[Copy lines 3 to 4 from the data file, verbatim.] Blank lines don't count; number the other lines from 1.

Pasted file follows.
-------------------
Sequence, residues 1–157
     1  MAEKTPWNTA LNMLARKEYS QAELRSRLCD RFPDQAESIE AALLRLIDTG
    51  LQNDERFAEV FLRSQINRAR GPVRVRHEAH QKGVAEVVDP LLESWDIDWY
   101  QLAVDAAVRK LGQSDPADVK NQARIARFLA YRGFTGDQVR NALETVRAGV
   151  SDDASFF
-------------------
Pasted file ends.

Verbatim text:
    51  LQNDERFAEV FLRSQINRAR GPVRVRHEAH QKGVAEVVDP LLESWDIDWY
   101  QLAVDAAVRK LGQSDPADVK NQARIARFLA YRGFTGDQVR NALETVRAGV